One Seasonal Meal: January

BlogHer Original Post

I’m thinking of breaking the ice on this fricking frigid winter’s day with the first post on a recurring theme I just invented called One Seasonal Meal, where I cobble together some recipes from a few of my favorite blogs that star ingredients currently in season.  Well, in season give or take a month or two.  Finding ingredients that are seasonal to everyone might be tricky since we all live in different places, but maybe you could just humor me.  I’ll probably only do this once a month so I don’t bore all of the people that don’t give a crap.

One of the hardest parts of cooking with the seasons is knowing what’s in season at any given moment.  If you’ve spent some time tending your own garden, frequenting farmer’s markets, or participating in a farmshare, then you probably know the rhythm.  If you’re new to cooking or only have access to the produce aisle of the supermarket, then it can be hard to tell.  It’s always sunny in Stop & Shop, or so it would seem.

What’s in season at this time of year in subzero New England?  Not much.  Squash and maybe a few mealy apples.  If you’re lucky enough to have a root cellar or be a part of a winter CSA, you might have storage carrots, turnips, potatoes, rutabagas, celery root, parsnips, and beets.  You might have dried beans.  And meat is always in season, thank god.  I've noticed that supermarkets are making more of an effort these days to stock local, seasonal produce, so if you buy something that’s in season, there’s a chance you might be supporting a farm family in your area.  Check the label/sign.  They’ll definitely appreciate your purchase.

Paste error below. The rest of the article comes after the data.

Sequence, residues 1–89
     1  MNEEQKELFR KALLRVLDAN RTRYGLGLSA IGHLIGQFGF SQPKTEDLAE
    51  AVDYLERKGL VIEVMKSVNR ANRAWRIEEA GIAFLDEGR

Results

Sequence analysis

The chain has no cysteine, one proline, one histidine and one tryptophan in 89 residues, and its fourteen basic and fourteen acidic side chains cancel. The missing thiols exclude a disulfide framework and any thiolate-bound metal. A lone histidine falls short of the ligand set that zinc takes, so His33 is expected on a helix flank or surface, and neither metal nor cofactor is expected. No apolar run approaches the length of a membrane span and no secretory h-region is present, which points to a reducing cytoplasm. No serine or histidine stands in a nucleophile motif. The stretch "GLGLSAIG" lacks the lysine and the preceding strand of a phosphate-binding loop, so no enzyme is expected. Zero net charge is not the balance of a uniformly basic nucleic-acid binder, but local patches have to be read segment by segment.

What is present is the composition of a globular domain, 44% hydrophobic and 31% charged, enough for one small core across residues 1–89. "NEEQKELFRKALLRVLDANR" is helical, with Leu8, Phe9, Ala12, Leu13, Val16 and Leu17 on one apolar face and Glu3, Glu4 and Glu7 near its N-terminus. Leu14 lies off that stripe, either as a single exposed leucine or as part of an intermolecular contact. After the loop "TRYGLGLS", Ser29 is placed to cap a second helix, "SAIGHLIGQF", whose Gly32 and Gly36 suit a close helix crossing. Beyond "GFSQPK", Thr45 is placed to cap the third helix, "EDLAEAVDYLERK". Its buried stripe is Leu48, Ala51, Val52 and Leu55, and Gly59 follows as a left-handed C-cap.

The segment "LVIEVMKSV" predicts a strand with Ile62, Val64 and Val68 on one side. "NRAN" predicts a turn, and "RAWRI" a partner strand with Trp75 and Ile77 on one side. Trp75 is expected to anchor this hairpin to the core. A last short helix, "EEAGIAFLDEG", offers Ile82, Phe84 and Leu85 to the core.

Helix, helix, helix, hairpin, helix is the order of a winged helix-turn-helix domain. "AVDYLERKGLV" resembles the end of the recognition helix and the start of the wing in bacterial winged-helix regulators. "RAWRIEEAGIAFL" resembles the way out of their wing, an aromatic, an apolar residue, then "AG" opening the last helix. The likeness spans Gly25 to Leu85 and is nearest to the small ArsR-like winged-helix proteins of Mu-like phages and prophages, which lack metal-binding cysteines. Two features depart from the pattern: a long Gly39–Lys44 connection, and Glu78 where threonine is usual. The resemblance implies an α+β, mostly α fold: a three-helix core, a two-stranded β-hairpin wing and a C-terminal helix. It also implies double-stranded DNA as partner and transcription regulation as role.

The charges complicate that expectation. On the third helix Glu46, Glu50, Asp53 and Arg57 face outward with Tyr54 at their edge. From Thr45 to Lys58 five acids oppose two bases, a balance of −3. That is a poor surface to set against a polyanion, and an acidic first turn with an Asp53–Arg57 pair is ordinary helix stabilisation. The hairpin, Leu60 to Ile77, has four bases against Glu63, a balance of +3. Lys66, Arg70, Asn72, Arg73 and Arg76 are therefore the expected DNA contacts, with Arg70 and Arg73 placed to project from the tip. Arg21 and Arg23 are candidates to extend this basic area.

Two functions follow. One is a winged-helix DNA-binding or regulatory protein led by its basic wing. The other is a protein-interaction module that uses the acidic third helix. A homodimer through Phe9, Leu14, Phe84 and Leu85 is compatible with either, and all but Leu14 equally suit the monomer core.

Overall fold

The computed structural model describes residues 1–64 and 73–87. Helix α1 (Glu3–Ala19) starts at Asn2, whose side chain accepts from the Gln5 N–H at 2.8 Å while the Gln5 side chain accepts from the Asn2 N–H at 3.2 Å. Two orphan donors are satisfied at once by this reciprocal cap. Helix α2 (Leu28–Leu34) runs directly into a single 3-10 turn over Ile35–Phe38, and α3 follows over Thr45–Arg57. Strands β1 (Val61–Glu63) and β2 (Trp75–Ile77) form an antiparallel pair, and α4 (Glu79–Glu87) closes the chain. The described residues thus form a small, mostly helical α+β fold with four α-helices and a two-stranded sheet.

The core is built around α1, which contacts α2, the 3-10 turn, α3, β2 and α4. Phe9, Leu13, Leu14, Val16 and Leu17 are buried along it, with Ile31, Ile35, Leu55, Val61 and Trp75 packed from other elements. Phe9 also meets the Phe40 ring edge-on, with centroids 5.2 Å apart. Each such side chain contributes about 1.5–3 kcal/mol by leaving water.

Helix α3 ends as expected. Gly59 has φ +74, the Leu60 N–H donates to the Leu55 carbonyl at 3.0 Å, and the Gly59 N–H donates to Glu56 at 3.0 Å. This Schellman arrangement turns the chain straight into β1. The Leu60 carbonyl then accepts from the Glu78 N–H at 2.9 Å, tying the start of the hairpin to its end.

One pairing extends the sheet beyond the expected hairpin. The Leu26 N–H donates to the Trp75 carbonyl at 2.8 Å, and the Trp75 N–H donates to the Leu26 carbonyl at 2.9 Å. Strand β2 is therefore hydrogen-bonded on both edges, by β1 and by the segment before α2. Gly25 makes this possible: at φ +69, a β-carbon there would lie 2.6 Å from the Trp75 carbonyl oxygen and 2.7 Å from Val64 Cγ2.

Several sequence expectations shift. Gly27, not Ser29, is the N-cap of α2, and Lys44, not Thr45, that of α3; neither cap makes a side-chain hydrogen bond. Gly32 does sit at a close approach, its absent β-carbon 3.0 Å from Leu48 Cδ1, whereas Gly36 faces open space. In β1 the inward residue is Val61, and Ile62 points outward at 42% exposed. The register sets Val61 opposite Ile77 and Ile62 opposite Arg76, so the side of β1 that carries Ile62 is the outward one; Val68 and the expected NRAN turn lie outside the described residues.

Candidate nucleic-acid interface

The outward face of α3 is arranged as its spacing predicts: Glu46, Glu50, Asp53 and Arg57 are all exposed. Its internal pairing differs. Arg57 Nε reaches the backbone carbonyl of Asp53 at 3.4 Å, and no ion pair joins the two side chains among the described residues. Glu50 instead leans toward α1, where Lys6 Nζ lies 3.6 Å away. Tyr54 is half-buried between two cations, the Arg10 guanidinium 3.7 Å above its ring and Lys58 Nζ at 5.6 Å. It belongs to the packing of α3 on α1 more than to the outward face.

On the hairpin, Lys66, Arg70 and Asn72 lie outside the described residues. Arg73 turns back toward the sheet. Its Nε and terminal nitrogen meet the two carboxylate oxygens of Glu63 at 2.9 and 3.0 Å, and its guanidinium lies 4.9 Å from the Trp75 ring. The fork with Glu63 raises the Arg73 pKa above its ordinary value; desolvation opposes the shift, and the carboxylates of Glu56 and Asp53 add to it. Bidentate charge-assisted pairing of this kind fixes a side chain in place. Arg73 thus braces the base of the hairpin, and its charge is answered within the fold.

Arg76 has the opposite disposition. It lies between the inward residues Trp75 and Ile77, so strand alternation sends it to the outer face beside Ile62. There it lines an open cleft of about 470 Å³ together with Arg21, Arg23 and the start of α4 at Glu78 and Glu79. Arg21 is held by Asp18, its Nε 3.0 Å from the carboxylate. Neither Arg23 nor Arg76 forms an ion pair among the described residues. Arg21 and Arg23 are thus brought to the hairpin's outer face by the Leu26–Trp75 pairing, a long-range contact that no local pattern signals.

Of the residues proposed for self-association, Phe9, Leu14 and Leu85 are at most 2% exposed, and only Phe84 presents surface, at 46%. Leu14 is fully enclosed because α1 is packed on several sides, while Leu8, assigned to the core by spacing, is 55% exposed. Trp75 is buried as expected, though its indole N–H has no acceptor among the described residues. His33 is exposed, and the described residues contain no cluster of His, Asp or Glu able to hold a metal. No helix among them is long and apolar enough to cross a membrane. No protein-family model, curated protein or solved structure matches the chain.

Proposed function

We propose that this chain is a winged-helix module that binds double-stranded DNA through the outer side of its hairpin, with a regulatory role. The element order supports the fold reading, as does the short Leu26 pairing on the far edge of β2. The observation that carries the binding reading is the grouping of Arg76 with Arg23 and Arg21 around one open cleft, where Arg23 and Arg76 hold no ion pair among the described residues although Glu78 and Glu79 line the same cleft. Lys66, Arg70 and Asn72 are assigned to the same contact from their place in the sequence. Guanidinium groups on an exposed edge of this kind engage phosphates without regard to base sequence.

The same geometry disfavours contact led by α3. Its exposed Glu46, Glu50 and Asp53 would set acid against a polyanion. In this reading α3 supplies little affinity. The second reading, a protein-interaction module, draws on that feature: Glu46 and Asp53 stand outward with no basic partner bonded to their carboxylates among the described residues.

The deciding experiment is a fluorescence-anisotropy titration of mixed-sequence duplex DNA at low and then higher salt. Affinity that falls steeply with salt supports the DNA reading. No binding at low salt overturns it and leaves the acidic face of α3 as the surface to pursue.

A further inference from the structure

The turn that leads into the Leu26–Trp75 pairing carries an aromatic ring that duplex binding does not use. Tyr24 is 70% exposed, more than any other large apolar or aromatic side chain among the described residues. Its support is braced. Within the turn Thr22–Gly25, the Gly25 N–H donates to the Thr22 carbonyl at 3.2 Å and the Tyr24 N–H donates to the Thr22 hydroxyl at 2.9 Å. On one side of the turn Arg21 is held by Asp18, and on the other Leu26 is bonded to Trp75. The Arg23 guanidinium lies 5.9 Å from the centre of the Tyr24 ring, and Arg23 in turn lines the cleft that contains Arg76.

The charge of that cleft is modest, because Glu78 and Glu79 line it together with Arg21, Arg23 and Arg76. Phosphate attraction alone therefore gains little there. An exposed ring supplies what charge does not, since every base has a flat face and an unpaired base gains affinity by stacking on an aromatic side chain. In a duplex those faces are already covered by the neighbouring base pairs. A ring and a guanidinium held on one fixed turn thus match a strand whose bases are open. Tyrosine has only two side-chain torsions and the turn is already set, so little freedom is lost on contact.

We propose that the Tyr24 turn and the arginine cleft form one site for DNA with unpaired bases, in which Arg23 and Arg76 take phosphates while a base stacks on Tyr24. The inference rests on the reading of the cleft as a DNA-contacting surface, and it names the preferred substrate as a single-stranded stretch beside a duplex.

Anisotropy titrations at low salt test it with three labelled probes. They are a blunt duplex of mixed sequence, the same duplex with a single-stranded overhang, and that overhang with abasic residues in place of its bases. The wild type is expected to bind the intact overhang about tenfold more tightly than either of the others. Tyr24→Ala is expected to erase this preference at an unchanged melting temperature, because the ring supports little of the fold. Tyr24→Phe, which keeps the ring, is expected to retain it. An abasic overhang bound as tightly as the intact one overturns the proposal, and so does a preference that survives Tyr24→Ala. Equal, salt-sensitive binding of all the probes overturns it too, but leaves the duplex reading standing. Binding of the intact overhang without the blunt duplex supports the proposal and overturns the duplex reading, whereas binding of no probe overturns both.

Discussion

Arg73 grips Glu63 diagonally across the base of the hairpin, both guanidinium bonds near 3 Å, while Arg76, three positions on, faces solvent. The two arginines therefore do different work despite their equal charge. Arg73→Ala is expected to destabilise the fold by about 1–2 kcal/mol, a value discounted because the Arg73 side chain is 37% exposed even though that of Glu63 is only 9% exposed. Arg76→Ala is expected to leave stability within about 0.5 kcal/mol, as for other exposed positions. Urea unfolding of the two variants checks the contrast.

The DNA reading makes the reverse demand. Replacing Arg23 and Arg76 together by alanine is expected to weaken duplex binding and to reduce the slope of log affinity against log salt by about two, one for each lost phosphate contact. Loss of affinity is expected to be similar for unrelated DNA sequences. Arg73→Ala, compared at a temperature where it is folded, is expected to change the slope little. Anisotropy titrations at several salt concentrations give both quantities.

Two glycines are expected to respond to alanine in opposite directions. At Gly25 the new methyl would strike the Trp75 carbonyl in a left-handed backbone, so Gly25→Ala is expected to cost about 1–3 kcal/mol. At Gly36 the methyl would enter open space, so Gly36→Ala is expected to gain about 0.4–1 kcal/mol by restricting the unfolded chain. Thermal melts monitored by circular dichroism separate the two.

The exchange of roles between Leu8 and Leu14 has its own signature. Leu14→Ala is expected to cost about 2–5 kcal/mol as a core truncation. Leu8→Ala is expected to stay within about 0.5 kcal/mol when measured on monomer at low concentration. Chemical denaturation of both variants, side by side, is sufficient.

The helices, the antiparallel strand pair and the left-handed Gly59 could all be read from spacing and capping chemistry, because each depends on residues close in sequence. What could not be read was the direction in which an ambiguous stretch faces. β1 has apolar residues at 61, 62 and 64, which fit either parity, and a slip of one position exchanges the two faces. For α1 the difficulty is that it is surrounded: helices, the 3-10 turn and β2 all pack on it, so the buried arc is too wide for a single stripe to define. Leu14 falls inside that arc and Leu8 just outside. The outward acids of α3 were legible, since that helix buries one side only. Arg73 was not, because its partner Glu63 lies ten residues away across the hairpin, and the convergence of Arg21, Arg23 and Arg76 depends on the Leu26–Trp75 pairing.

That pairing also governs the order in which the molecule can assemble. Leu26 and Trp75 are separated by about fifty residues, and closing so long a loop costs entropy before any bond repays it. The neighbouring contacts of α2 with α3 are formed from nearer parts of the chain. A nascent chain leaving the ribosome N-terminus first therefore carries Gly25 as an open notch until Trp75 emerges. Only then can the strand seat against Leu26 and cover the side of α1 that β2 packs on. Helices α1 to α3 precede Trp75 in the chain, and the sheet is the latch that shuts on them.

So what’s on the menu today?

Maple-black pepper pork chops from Eggs on Sunday:


I’m rather partial to pork, and the not-too-sweet, peppery sauce that accompanies it also marries well with the next recipe, where it will inevitably intermingle.

Roasted Brussels sprouts with apples and bacon from Seasonal Eats:


Are Brussels sprouts still in season?  Probably not.  Cut me some slack.  It’s winter. 

To add some delicious carbs to this meal, might I suggest roasting some potatoes in olive oil alongside the sprouts, or right in with them.  I like carbs.  And finally, to finish:

Pear crumb cake with candied ginger streusel from Ezra Pound Cake:


This is moist and lovely, though I might up the amount of candied ginger in the topping because I like it.

And there you have it.  A delicious meal.  But I’m still short on my word count.  Way short, just like every single school essay I ever wrote.  

Did you know that you can make your own candied ginger for the streusel?  No, I’m not fucking with you.  I mean, I’m not sure you’d want to, but just in case you find that you’ve eaten your entire package of candied ginger, because you can’t stop even though your mouth’s on fire, it’s a useful skill to know.  And, now that I think about it, I didn't even check where that bag of candied ginger came from.  China?  China doesn’t have the greatest track record in terms of abstaining from the poisonous chemicals.  And with ginger being quite porous....  God, I wish I didn’t eat that whole package.  Maybe I should lie down for a little while.

And 496 words.  Close enough.  See you later!

Tammy Donroe can also be found documenting the messy collision between food and life on her blog, Food on the Food.

Recent Posts by Tammy Donroe


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